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Spring 2002
A walk in the garden

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The garden is tripartite in design. It consists of a formal red brick piazza in front of Dickson Art Center and Macgowan Hall; the gothic allée — as Murphy dubbed it — a triple row of South African coral trees creating a promenade with a cathedral-like canopy that divides the piazza from the third section, an informal sweep of rolling hills set with meandering pebble pathways and six free-form seating areas.

The garden has no main entrance, so one can encounter it in many different ways. That was deemed such an important element that during the expansion of Bunche Hall, part of the building was raised on piers so it would not obstruct the walkway from the garden to the central campus.

The sculpture garden has continually evolved since it was dedicated in 1967 and, with 73 pieces, is essentially complete, Burlingham says. But UCLA has accepted new pieces that are "in the spirit of the garden," she adds. The most recent addition was Butterfield's Pensive, donated in 1997.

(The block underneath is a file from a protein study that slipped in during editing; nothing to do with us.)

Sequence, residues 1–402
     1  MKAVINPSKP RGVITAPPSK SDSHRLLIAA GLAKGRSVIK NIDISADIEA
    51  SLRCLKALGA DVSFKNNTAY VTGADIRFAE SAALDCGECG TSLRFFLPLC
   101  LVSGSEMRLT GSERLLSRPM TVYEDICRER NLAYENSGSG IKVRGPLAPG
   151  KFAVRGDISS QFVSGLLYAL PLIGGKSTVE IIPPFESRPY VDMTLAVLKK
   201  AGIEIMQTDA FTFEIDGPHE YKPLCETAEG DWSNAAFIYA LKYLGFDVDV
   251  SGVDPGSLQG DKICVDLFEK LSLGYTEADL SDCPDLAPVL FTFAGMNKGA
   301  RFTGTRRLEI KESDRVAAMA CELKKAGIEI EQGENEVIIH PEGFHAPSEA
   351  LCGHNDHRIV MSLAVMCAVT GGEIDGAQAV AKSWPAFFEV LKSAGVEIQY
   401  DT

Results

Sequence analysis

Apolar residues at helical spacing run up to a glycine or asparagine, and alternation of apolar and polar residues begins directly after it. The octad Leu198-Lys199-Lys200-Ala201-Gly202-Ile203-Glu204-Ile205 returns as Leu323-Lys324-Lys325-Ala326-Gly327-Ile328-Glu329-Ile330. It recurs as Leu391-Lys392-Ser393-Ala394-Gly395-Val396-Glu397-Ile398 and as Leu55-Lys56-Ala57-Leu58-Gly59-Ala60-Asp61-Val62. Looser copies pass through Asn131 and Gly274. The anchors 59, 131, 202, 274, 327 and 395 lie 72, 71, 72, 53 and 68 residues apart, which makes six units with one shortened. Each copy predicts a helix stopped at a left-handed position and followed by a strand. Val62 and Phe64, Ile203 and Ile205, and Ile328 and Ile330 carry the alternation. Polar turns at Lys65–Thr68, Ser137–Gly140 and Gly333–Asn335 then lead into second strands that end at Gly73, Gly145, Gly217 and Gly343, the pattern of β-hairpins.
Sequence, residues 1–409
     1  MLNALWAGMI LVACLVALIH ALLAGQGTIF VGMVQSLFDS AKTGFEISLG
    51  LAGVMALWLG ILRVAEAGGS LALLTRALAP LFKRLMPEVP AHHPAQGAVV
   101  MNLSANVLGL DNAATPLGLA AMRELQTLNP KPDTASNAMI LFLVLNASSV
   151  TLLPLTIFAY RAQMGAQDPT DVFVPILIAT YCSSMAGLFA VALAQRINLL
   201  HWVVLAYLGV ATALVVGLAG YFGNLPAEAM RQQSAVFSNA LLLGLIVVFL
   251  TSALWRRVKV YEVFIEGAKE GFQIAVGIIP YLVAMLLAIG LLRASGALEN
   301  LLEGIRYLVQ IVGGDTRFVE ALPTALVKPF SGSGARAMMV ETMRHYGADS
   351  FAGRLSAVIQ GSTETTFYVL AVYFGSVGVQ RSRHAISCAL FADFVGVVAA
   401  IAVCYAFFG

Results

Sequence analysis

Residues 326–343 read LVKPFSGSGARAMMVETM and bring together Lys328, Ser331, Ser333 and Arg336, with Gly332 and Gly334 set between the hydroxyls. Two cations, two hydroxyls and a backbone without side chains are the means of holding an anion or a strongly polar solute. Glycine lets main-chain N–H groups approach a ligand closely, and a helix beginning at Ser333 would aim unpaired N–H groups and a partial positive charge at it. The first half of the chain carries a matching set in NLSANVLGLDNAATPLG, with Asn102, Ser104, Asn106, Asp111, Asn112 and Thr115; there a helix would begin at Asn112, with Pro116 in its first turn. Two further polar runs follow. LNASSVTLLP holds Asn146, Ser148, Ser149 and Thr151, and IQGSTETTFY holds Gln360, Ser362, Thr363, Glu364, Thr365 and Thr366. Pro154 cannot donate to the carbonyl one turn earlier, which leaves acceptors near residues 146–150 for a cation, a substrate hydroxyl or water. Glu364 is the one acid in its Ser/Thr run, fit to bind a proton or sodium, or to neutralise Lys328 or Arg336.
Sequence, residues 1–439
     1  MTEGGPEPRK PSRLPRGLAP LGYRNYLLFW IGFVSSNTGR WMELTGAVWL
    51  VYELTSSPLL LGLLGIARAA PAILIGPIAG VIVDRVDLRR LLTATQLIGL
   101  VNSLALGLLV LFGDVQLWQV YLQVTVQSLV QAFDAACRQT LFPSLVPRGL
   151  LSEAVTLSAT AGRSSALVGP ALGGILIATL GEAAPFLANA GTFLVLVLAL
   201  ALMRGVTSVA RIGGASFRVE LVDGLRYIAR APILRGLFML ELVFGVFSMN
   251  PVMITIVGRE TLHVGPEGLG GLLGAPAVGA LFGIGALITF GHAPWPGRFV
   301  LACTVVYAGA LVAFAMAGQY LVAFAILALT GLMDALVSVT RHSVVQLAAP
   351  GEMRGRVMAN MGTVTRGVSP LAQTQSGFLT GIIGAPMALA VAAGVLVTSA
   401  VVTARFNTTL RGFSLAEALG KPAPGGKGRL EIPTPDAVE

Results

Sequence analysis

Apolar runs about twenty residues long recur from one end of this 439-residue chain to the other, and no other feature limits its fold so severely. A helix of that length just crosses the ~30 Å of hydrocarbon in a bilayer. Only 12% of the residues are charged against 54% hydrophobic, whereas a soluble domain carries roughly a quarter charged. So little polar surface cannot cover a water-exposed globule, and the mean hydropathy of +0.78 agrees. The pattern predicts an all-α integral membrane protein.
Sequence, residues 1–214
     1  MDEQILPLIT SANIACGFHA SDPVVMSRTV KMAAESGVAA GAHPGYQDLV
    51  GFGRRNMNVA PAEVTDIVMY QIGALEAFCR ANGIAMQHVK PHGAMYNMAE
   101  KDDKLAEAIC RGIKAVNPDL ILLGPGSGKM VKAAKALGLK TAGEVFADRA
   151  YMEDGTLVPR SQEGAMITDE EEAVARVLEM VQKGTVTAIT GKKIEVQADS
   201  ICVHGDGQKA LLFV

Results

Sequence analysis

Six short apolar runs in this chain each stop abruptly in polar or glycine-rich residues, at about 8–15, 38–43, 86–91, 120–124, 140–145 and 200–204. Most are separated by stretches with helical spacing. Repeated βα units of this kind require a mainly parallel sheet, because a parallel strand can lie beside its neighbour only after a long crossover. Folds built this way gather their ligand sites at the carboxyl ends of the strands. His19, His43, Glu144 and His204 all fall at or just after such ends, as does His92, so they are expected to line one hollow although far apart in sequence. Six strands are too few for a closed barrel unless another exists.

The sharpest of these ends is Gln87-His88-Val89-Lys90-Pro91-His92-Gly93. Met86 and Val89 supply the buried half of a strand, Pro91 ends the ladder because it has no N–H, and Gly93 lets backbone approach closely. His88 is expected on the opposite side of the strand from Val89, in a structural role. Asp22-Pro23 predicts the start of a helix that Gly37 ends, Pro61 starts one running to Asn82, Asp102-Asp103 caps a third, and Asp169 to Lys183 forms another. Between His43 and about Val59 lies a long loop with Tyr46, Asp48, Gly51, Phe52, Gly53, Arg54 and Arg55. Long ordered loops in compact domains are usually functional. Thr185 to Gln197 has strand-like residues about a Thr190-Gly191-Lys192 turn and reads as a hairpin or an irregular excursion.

"The garden isn't necessarily frozen in time, but it does have a certain integrity to it," Burlingham says. "If you destroy that integrity, it's just sculpture and landscape as separate things. It's the relationship of the sculpture to the landscape, and of the sculptures to each other, that form integral pieces, and that's something you have to preserve. But it doesn't mean it can't allow for change."

During the planning of the garden, Murphy and Cornell went around the site with papier-mâché stand-ins of the artworks. Throughout the years, additions have been carefully placed. George Rickey's kinetic sculpture Two Lines Oblique Down (Variation III) is positioned strategically to catch the wind. Rodin's The Walking Man is located so that it can be seen from several vantage points, and when entering from the north side at night, it is the only sculpture visible at the end of the long walkway.

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